For comparison with the Müller and Iken (Reference Müller and Iken1973) and Iken (Reference Iken1974) datasets, it was first necessary to define the span of the melt season (s) within which v s would be calculated, and the final day of the melt period that defines the start of the v w and v a sample period. As in the earlier studies, s was defined as the period in which the 5-d mean daily temperature surpassed 0°C. Shielded HOBO-U23 temperature/relative humidity loggers mounted on poles 1–3 m above the ice at each dGPS station were used to calculate s and data gaps were filled by modeled temperatures using daily temperature lapse-rates derived from two automatic weather stations at the glacier terminus (35 m a.s.l.) and an upper nunatak (1511 m a.s.l.) (Fig. 1). Annual ablation (a) was modelled for each station using the annual mass-balance gradient determined from stake measurements along the glacier centreline. The goodness of fit of the polynomial (n = 3) expression of mass-balance gradient that is used to calculate glacier-wide surface mass balance shows a goodness of fit (R 2) >0.9 for >90% of the 55 years with observations, and a fit >0.95 for >65% of the record. The mean summer velocity (v s) is determined from displacement between the daily mean positions of the first and last days of s, divided by s. Errors in dGPS-derived velocities are based on a calculation of the RMSE combining the standard deviations of the daily positions divided by the duration of s. Throughout this paper velocity should be considered as surface displacement in the down-glacier direction.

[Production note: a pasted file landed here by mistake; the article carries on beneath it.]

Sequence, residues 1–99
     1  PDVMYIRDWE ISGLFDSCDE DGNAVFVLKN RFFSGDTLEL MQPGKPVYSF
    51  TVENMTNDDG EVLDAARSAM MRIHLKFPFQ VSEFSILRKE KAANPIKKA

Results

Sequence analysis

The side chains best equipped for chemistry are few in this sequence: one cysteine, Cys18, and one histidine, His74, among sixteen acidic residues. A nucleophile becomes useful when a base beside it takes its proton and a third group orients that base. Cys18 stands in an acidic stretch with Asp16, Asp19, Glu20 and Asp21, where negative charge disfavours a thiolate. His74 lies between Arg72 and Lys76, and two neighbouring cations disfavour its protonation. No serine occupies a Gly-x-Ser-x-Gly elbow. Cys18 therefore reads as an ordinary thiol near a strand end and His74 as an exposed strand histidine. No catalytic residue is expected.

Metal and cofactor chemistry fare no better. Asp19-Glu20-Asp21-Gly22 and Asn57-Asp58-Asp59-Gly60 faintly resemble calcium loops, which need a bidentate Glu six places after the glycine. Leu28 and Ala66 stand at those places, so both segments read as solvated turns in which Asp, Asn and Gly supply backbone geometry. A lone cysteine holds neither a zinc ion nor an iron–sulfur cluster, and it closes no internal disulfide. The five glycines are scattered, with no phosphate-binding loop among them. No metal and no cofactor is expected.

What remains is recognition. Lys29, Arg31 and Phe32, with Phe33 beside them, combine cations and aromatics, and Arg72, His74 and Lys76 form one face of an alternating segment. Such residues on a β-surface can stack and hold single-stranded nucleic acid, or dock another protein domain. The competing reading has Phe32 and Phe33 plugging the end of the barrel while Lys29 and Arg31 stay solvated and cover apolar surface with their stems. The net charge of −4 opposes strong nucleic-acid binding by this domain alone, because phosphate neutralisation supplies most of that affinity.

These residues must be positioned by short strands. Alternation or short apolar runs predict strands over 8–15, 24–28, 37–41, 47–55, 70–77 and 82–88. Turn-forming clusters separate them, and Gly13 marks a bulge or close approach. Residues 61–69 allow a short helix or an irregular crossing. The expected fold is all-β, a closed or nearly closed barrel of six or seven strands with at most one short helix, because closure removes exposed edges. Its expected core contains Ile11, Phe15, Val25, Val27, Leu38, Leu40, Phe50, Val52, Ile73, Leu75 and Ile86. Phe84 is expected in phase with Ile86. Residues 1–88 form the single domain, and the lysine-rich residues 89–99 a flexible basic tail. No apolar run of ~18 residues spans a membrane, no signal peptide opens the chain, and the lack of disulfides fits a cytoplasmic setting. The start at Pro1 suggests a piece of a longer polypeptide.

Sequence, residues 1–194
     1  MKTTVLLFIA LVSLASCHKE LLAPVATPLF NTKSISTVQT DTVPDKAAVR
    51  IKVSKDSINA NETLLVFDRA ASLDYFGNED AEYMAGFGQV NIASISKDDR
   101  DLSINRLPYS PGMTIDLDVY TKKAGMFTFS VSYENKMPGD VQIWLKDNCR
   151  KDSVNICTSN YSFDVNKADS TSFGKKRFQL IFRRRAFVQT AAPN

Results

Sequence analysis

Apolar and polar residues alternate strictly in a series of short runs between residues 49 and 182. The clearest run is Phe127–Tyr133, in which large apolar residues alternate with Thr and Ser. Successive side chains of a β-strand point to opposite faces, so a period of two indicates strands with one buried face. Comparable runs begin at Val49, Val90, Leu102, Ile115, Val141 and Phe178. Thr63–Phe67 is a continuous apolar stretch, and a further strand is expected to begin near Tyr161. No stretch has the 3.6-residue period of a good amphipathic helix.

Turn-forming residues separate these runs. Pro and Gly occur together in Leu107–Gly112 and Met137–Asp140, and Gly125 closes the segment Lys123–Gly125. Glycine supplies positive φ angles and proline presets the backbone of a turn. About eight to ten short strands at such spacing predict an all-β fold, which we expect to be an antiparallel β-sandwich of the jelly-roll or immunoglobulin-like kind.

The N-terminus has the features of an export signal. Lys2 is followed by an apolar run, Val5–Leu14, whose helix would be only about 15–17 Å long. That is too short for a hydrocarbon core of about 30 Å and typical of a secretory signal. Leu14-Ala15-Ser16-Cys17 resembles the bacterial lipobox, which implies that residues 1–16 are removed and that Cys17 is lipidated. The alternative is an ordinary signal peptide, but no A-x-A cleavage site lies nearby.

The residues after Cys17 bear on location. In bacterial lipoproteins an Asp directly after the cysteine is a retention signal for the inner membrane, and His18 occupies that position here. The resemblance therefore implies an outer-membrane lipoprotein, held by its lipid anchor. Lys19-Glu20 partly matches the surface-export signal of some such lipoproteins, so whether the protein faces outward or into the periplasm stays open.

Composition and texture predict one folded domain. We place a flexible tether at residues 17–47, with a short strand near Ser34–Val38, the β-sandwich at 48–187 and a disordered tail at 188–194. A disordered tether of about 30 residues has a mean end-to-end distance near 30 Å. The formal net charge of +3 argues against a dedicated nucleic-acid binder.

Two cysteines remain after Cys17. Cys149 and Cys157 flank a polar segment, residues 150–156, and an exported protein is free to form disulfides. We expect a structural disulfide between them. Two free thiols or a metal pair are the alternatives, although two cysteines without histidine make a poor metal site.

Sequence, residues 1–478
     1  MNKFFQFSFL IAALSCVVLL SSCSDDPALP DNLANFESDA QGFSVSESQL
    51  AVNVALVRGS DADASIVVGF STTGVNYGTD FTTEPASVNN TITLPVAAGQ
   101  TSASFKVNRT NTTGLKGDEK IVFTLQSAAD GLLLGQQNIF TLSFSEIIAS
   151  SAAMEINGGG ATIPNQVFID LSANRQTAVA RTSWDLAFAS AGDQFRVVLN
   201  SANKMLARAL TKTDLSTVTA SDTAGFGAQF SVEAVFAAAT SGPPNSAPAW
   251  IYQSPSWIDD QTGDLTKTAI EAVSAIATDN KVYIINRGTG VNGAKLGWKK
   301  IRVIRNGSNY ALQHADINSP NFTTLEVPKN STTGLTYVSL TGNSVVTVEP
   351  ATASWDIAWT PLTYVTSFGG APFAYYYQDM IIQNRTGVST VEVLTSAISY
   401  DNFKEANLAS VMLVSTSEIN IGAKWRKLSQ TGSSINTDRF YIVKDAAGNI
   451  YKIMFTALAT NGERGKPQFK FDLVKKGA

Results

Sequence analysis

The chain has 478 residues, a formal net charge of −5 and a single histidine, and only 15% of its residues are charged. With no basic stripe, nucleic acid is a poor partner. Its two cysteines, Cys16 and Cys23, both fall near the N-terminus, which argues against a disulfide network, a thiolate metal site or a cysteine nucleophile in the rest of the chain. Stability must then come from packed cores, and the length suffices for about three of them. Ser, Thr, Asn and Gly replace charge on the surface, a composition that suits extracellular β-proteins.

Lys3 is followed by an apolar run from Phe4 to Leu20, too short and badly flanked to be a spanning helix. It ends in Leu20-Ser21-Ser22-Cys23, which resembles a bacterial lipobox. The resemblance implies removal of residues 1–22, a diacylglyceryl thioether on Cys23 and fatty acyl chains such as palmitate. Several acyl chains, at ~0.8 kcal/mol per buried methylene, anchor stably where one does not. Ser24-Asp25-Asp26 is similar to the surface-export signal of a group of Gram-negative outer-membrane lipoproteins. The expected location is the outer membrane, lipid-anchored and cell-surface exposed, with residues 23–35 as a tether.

3.3. Surface elevations